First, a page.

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California At War
Sun, Feb 17th from 10:00PM
In the weeks after Pearl Harbor submarines of the Japanese Imperial Navy torpedoed ships and refineries off the California coast. Crewmen were killed, ships sank, and panic took over. This panic led to what is now known as the "Battle of Los Angeles." Only one man died in this imagined invasion but thirty people were arrested the next day, twenty of them Japanese Americans.
Prejudice wasn't new in California, but in the name of "patriotism" it reached new heights. Best known is the internment of more than 100,000 Japanese, but even the state's oldest population, the Latinos of Mexican and Spanish decent, became targets.
During this time California opened its southern border to Mexican farm labor, and hundreds of blacks poured in from the south and northeast to work in its shipyards and airplane factories, to build the backbone of America's war machine.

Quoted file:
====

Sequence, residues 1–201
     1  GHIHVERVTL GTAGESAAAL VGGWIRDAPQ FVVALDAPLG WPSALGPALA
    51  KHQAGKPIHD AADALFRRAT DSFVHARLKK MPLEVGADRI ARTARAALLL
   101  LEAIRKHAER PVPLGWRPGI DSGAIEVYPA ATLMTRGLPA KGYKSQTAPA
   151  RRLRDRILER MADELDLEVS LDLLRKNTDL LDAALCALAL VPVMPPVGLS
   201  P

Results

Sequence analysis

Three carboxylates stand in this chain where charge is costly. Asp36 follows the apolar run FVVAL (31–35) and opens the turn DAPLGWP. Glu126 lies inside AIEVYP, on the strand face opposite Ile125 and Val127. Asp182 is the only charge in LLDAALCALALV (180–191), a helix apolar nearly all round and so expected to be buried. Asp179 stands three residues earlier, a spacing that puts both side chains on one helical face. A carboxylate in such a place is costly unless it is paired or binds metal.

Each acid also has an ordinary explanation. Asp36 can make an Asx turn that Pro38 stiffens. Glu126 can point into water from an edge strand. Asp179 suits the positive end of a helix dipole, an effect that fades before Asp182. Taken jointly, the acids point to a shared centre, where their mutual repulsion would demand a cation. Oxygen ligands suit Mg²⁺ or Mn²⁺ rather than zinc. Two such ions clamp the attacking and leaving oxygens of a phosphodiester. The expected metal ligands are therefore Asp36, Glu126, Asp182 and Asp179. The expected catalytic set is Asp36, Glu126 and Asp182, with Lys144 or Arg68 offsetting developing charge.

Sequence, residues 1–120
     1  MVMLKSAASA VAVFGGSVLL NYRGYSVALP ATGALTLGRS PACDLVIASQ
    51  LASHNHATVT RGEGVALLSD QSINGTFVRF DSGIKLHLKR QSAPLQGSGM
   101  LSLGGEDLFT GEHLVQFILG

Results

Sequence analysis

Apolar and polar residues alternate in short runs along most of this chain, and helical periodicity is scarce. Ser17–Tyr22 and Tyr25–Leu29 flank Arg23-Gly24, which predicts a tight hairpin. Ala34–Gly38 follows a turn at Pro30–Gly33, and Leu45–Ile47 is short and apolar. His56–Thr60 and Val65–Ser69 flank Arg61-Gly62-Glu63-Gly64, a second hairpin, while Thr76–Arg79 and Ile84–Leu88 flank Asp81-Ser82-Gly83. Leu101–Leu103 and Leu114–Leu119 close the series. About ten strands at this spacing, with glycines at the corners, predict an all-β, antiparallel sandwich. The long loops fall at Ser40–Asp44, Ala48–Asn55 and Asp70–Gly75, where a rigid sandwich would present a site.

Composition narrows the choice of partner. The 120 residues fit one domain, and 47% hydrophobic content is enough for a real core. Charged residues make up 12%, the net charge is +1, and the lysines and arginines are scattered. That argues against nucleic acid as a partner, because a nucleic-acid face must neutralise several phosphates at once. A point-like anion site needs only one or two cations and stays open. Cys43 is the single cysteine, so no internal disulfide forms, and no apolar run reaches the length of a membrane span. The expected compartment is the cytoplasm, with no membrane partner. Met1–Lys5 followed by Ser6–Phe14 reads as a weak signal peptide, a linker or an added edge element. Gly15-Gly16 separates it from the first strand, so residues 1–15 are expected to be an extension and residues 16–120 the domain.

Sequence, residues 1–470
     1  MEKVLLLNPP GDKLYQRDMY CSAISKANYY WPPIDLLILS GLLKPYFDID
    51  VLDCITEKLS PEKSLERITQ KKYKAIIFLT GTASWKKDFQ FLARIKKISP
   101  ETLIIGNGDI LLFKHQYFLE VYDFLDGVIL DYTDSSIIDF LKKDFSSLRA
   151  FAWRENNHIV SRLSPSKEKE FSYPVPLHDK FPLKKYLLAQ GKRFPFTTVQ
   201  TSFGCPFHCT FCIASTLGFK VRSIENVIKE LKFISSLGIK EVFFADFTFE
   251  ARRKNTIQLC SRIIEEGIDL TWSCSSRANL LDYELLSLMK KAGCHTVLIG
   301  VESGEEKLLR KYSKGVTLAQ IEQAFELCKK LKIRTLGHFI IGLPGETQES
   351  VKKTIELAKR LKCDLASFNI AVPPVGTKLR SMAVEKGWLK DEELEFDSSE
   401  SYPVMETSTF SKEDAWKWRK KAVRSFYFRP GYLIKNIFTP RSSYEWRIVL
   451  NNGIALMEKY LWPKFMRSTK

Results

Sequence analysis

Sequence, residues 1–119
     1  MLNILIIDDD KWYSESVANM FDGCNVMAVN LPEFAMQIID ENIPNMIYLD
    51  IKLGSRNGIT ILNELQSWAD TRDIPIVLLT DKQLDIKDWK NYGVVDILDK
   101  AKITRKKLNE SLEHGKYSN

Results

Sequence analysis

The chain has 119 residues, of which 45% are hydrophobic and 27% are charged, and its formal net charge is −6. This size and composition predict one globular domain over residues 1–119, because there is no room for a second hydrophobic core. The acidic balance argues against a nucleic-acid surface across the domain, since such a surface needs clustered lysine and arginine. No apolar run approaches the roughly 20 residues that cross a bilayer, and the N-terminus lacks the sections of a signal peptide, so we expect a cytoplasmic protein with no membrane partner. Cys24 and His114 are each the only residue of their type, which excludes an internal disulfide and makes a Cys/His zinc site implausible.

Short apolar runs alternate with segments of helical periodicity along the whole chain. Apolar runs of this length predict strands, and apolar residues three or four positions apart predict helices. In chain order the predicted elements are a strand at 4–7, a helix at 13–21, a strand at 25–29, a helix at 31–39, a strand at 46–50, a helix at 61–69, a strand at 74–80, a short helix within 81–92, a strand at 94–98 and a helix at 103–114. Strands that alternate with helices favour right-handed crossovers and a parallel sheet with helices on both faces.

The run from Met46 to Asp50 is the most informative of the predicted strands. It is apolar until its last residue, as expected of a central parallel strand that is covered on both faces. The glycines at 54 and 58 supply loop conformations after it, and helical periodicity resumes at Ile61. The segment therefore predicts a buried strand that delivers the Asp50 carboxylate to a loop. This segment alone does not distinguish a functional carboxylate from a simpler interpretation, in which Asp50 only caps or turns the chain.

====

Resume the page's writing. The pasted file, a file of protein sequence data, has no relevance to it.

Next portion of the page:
In these factories, a new "social experiment" was taking place, as men and women of all races worked closer together than ever before. But this new 24 hr workforce had its needs and demands. Defense companies became "social progressives" offering their workers hot lunches, and Kaiser Shipyard's set up on site medical care, which evolved into Kaiser Permanente.
By the end of the war, California was a changed state with a population that had swelled from 6.8 million to 10 million. No longer the "step child" of the east, California became a state to reckon with.
Without California, its people, resources and industries, World War II could have been lost. And without that war, California wouldn't be what it is today.

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